Bagnold's perception of the process of saltation - as a steady cloud of sand moving by bounds along the surface and gaining energy from the wind's pressure to make up for the impact energy losses - is the basis for all new advanced models of aeolian sand transport made in the last few years (McEwan and Willetts, 1991; Werner, 1990; Ungar and Haff, 1987; Anderson and Haff, 1988; 1991; Sørensen, 1991). However, empirical estimations by the above mentioned researchers have indicated that the equilibrium value at which the grains transfer all momentum from the wind to the bed, is not as assumed by Bagnold, because the cloud of grains transported in equilibrium with the wind consists of grains that are splashed up by impact to much lower elevation and much shorter jump length than ordinary saltating grains. These grains gain very little momentum from the wind, hence their impact speed is so low that they can, in most cases, neither rebound nor eject other grains.
Camp 9. in the Great Sand Sea
In his wind-tunnell observation, Bagnold has indeed distinguished between ejected slow speed grains that rise almost vertically, and grains that have clearly ricocheted off the surface and continued forward at a flat angle without losing much speed. However, Bagnold has pointed out that no exact distinction exists between the motion of the surface grain (surface creep) and those grains in saltation whose paths through the air are very low. This differentiation has recently been sharpened by Mitha et al. (1986), Ungar and Haff (1987) and others who dubbed this short trajectory, low-energy ejecta by the, term 'reptation'. The perception of reptation, which has only recently been recognized, provides a new insight into understanding models of sand transport and impact ripples (Anderson, 1987; 1990).
Extricating a light car with rope ladders.(1930)
The proportion of surface creep sand of the total sand transport as measured by Bagnold who used surface creep traps in the wind tunnel and the field, is 20% to 25%. Anderson et al. (1991) hold the opinion that this proportion is exaggerated, as Bagnold's creep traps, by their very construction, catch mainly reptating and saltating grains. Chapter 4 of the book gives the reader a background in the nature of surface airflow and fluid mechanics. It would be better to have this chapter at the beginning of the book to make the processes described in chapters one to three clearer.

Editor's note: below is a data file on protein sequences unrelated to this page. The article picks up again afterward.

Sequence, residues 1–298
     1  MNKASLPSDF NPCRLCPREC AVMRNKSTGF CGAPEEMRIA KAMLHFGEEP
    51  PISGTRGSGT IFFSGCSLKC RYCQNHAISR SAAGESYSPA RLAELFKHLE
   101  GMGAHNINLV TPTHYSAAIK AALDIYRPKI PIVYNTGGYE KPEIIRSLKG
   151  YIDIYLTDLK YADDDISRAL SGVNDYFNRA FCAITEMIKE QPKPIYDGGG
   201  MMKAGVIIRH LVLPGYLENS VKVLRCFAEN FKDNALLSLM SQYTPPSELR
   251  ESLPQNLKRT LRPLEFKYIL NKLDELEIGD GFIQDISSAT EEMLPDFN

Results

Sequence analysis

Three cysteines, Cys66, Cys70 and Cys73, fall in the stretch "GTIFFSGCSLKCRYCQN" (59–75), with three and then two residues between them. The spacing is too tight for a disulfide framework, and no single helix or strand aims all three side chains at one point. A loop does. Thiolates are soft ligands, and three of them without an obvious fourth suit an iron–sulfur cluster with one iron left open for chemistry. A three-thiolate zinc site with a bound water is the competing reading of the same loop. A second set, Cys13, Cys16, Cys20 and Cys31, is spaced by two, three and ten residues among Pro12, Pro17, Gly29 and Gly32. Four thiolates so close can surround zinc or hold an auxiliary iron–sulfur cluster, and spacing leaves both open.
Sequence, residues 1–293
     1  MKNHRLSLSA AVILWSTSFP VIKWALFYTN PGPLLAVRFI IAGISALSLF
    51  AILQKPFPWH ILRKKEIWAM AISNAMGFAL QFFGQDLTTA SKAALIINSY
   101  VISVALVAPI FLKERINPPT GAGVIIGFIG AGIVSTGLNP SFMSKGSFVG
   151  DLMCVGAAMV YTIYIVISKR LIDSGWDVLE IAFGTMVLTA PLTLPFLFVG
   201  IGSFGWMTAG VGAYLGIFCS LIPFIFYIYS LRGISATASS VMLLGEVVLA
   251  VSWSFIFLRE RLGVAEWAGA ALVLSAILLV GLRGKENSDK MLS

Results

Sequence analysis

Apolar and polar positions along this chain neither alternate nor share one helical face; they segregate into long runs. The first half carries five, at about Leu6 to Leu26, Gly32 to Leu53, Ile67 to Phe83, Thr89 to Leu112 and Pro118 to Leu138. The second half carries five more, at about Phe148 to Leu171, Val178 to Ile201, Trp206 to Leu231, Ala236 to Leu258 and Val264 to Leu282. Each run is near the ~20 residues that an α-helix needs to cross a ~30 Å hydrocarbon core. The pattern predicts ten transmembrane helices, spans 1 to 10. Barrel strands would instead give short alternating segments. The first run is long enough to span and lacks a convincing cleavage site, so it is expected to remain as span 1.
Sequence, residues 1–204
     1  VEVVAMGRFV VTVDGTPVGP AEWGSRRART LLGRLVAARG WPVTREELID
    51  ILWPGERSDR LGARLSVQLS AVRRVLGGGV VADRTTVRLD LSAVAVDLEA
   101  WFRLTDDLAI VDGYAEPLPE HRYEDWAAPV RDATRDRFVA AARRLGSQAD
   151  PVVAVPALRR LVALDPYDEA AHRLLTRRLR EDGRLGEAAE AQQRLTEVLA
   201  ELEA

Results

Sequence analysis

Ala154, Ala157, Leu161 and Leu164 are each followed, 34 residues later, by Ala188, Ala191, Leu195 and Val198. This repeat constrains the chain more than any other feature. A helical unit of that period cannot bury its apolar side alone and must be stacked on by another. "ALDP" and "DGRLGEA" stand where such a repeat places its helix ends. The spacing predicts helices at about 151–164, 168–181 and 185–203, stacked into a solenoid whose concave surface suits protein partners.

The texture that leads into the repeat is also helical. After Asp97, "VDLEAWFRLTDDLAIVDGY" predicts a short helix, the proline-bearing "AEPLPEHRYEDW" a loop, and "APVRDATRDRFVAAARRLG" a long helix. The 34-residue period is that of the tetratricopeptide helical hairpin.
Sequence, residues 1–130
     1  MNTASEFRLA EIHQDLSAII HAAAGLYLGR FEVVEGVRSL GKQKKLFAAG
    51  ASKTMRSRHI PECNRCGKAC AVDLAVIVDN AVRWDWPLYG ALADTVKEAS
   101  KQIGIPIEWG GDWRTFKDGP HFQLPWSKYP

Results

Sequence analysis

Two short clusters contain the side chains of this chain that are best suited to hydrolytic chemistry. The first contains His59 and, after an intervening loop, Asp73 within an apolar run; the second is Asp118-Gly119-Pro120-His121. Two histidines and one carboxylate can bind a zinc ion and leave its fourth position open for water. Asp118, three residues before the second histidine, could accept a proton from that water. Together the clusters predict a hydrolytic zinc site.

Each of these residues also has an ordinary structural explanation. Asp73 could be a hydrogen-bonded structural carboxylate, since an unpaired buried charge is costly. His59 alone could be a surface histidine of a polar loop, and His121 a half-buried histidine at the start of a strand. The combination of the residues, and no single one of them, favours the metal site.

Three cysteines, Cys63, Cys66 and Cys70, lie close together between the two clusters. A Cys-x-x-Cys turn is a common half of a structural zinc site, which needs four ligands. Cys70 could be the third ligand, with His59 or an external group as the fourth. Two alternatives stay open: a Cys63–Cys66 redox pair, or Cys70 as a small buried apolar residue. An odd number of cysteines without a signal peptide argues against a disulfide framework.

Mathematical models of dunes (Hans Hermann website)
An article on dunes formation by Haim Tsoar (in Hebrew, published in 1982)
Bagnold was aware to the problematics of the wind-tunnel results and decided to verify them against the reality of the natural conditions in the desert. In 1938 he conducted wind profiles and sand flow measurements over an open dune surface in the Egyptian-Libyan desert. The results of these measurements, given in Chapter 6, were found by Bagnold to agree well with those achieved in the wind-tunnel experiments. In his open field measurements, however, Bagnold did not realize the importance of bursts (eruptions) and sweep sequences in the boundary layer, that generate a large Reynolds stress and play an important role in the initiation of saltation. The structure of bursts and sweeps in space, time and scale are different from the relatively orderly flow pattern found in the wind tunnels. The values of U*t found in the wind tunnel cannot, therefore, reconcile field results (Anderson et at., 1991).
Boustead, Sandford, Bagnold, Paterson, Prendergast, Craig, Shaw, Harding-Newman.
In the second part of the book Bagnold deals with the distinctive size distribution of aeolian sand deposits. Several years before the book was published, Krumbein (1934) introduced a simple and rational f scale of grain sizes in which the log-normal distribution of sand deposits turns into normal distribution by taking -log2d (d is the grain diameter in mm). The f scale became the standard conventional method in which grain-size distribution is analysed. Bagnold introduced a different grain-size distribution in which both the grain-size and grain-frequency scales are transformed logarithmically (Bagnold used log10) and achieved a hyperbola-shaped curve for-which he found four parameters characterizing hyperbolic curve. This method of plotting and analysing grain-size distribution was completely ignored by sedimentologists, mostly because it is more intricate statistically. In the late 1970s when interest was revived, statisticians found that many natural distributions more closely approximate a log-hyperbolic distribution than lognormal distribution (Barndorff-Nielsen1, 1977).
Extricating a stuck lorry with the help of steel channels. Craig on left, Prendergast facing, Bagnold on right.